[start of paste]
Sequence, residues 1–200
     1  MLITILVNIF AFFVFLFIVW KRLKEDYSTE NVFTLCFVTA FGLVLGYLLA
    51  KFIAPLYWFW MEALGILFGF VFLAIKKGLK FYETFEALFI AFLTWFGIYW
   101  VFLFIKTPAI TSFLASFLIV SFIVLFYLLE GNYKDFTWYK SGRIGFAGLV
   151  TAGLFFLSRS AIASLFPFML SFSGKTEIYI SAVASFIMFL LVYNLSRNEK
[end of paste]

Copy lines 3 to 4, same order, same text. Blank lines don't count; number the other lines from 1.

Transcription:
    51  KFIAPLYWFW MEALGILFGF VFLAIKKGLK FYETFEALFI AFLTWFGIYW
   101  VFLFIKTPAI TSFLASFLIV SFIVLFYLLE GNYKDFTWYK SGRIGFAGLV